Fox News made a mockery of the disaster and its causes
Fox aired 13 segments on the heat wave. Only 1 of them – the September 7 edition of Outnumbered – mentioned climate change. Pushing back on the idea that California’s climate policies are responsible for California’s grid problems, Fox News contributor Jessica Tarlov said, “I find it astounding, the last couple of days of conversation about what’s going on have totally missed the most important element of this, which is the impact of climate change and these heat waves and these droughts.” Tarlov also pointed out that California is not able to import as much energy from neighboring western states as it used to, because of the record heat wave and drought affecting the entire region.
Tarlov’s point is correct – Fox News has spent the majority of this heat wave bashing California for its clean energy and climate policies.
When the heat wave first appeared in late August, Fox News mocked California’s recent regulation that bans the sale of new gas-powered cars by 2035. This is despite the fact that the regulation is aimed at curbing the greenhouse gas emissions that worsen heat waves such as these.
More recently, Fox News has centered its coverage of the heat wave on the state’s strained power grid, which the network personalities claim is unreliable due to an over-reliance on renewable energy – all the while failing to acknowledge that our energy infrastructure is ill-prepared for these types of climate-fueled events. 6 of Fox’s 13 heat wave segments came on September 7 and featured these kinds of attacks on California’s climate policies, despite the fact that California’s grid held up.
Tucker Carlson Tonight ran a segment essentially blaming clean energy for California’s supposedly failing grid system. This was repeated during Hannity, with Fox reporter Trace Gallagher stating, “There’s a few other problems with California's already-failing grid system. Hydropower is down because water levels are down. Solar power is up which helps during the day, but the state doesn’t have enough battery power to store solar. … That's why most of the time and especially at night, the grid is powered by good old-fashioned fossil fuels.”
Other notable examples from September 7 did not count in the data as heat wave segments because the main focus of the discussion was bashing California’s energy grid and renewable energy. These examples, however, are worth including here as they are illustrative of how Fox covered California’s power grid issues while failing to adequately report on the climate-fueled event that caused them. For example, the September 7 edition of The Five discussed the heat wave with the chyron “Green Energy Nightmare,” with co-host Greg Gutfeld ratcheting up the absurd rhetoric even further by claiming, “It's not climate change that has done this, it's the climate change activists that poisoned the dialogue with hysteria for 30, 40, maybe 50 years. … If you removed the constant hyperbole, somebody like me would have actually been on your side.”
Later that evening, Jesse Watters threw in climate denial on Jesse Watters Primetime, falsely stating that solar power “barely powers anyone’s homes,” and then ended by claiming that “Newsom’s 100% green mandate is about as smart as the COVID mandates.” Finally, Sean Hannity hosted a panel discussion that focused solely on the grid’s problems.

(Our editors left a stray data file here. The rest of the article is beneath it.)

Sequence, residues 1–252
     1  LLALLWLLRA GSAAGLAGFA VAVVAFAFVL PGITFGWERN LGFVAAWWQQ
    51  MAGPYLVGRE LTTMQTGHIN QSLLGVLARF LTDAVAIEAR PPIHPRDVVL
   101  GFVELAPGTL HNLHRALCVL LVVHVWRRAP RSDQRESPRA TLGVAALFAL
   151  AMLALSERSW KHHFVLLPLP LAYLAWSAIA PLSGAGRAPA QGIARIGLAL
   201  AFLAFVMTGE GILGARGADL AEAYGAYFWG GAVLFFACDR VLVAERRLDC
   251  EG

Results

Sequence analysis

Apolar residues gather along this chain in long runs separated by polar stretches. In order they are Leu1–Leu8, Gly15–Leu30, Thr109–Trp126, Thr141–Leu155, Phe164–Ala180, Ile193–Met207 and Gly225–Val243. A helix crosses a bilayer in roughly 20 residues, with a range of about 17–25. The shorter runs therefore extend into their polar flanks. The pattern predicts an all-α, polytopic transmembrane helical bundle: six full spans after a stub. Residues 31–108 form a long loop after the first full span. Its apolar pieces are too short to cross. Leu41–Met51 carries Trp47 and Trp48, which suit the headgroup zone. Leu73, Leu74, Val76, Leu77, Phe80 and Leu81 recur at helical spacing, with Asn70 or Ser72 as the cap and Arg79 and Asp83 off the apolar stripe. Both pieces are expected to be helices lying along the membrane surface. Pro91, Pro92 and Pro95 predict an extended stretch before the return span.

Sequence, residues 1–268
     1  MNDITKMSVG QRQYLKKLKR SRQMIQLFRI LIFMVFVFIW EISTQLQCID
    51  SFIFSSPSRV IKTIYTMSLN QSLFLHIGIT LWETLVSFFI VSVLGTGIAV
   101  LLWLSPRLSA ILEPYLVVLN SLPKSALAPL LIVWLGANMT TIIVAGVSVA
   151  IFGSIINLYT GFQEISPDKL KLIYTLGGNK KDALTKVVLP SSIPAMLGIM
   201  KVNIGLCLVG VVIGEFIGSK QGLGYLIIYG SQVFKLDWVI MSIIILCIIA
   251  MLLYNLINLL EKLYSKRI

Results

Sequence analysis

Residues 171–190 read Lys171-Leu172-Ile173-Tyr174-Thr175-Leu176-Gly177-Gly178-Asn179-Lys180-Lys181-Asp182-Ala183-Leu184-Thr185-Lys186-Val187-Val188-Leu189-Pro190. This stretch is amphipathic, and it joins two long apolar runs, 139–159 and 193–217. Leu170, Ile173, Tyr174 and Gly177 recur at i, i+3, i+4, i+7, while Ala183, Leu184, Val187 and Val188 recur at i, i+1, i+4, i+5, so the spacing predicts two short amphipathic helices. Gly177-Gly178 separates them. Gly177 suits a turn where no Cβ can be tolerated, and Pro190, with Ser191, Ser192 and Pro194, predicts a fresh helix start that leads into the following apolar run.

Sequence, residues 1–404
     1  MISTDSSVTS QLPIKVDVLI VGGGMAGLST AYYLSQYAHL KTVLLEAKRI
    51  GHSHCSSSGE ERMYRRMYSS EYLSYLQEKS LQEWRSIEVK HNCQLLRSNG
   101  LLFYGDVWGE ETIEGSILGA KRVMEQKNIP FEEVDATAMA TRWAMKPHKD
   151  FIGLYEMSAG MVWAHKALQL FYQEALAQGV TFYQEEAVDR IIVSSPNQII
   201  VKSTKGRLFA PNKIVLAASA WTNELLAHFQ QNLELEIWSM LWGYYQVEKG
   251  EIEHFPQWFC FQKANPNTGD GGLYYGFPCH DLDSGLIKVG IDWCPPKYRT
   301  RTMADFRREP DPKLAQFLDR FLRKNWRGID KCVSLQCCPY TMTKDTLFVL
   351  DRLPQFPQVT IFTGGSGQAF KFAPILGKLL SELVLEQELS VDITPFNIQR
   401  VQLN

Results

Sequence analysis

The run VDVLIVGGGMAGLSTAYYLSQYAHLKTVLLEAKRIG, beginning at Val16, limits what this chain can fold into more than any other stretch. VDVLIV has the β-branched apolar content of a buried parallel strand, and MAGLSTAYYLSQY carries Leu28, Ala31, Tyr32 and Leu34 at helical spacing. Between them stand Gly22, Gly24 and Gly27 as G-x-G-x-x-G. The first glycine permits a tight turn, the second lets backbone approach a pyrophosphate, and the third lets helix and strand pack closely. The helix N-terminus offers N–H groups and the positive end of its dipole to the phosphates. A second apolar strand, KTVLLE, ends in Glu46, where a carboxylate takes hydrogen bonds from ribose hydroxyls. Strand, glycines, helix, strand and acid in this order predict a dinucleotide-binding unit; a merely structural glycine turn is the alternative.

This shows that as the climate-fueled extreme weather disasters ramp up, so too will Fox News’ climate denial and their propensity to do anything to protect fossil fuels. To them, it’s more important to criticize the idea of a cleaner energy future than it is to act concerned about record-breaking temperatures.
There is no excuse for the drop in climate coverage while disasters are occurring nonstop
We’ve seen a summer of intense and deadly weather disasters around the globe, with The New York Times writing that “climate change has made extreme weather increasingly normal.” Networks should be clarifying the link between climate change and these disasters, not obscuring it. NASA climate scientist Peter Kalmus perhaps explained the media’s silence on this issue best:
With hurricane and wildfire season still ahead of us, coupled with the numerous weather disasters happening simultaneously around the globe, TV news anchors and reporters still have time to correct this mistake and give climate coverage the urgency that it deserves.
Media Matters searched transcripts in the SnapStream video database for all original episodes of ABC’s Good Morning America, World News Tonight, and This Week; CBS’ Mornings, Evening News, and Face the Nation; NBC’s Today, Nightly News, and Meet the Press as well as all original programming on CNN, Fox New Channel, and MSNBC for any of the terms “heat,” “heat wave,” “temperatures,” “hot,” “hotter,” “hottest,” “drought,” “fire,” “wildfire,” or ”wild fire" within close proximity of any of the terms “West,” “Southwest,” “California,” “Arizona,” “Oregon,” “Washington,” “Idaho,” “Arizona,” “Labor Day,” “Los Angeles,” “Las Vegas,” “Phoenix,” “San Diego,” “Sacramento,” “Reno,” or “National Weather Service” from August 31, 2022, through September 7, 2022.
We included segments, which we defined as instances when the western U.S. extreme heat was the stated topic of discussion or when we found “significant discussion” of any of extreme heat. We defined significant discussion as instances when two or more speakers in a multi-topic segment discussed any of these extreme weather events with one another. We also included weather reports, which we defined as instances when the extreme heat was the stated topic of discussion by a meteorologist in front of a green screen.
We did not include passing mentions, which we defined as instances when a single speaker mentioned extreme heat, or teasers, which we defined as instances when the host or anchor promoted a segment about extreme heat coming up later in the broadcast.
We then reviewed each segment or weather report for mentions of the terms “climate” or “global warming,” and if any segment also referenced blackouts or potential power grid problems. Within segments that referenced climate change or global warming, we also reviewed whether any speaker mentioned the need to take action on climate change or reduce carbon emissions in order to fight climate change.